My son suffered a small cut on his left eye which plastic surgery has corrected. He was taken by ambulance.
I had to be taken by ambulance two blocks to Life Flight that landed at a near by high school.
I died again in the Life Flight. They got me to the hospital I was in ICU for almost 3 months in a coma. My injuries were out of the realm of my imagination. Luckily I don’t remember a thing .
This is what happened: I broke my back , my collar bone, one leg, one arm, broke my neck, a cut that is from lip to chin, an ankle, an arm — the entire left side of my face was completely fractured as well as my nose, all which is titanium now. I lost 6 lower teeth and 4 top teeth.
I had massive brain injury that my skull had to be cut to relieve pressure or I surely would have died again. Which I did for the third time, anyway. (They brought me back again.)
In 2010 December enough was enough I voluntarily checked myself into rehab for three weeks of detox, 3 months of counseling and 13 months of sober living. My husband left me in rehab i guess he couldn’t take it anymore. Can’t say I really blame him. I was a mess.”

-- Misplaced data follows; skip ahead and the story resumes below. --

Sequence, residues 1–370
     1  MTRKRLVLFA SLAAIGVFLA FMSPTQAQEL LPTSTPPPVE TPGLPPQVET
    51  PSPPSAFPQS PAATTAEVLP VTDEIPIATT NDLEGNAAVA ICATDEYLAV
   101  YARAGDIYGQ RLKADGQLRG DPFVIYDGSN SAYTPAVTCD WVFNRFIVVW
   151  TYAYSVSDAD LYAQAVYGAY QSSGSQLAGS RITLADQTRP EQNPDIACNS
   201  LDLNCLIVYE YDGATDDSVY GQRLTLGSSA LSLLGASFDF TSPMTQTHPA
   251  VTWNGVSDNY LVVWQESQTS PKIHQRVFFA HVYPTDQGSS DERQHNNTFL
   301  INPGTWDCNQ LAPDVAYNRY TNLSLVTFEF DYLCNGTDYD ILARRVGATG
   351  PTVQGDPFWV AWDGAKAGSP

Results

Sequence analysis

Imagine all the trouble one can get into, not having good instructions from a loving parent. Imagine, if you will, the physical damage a high-speed auto crash can do. Miracles can be done in the operating room, stitching us back together, but what will our quality of life be, dependent on painkillers and other medications, needed to prevent seizures caused by permanent brain damage?
Occasionally, even the unlucky get handed a miracle. Tammy’s discovery of kratom was one such miracle that has helped her cope with a hard life without much complaint. For Tammy and perhaps millions like her, with a need for lifelong pain relief and mood improvement that lets them have hope in spite of a trying life, kratom offers a better option than other opioid prescription alternatives.
Why must our society talk of taking from her the one of the few comforts she has left? Kratom is proven less habit-forming than opiates. Kratom’s key analgesic is one-tenth as constipative as morphine. This is important to those who will need long-term pain relief, for whatever reason.
Another Reason for Thanksgiving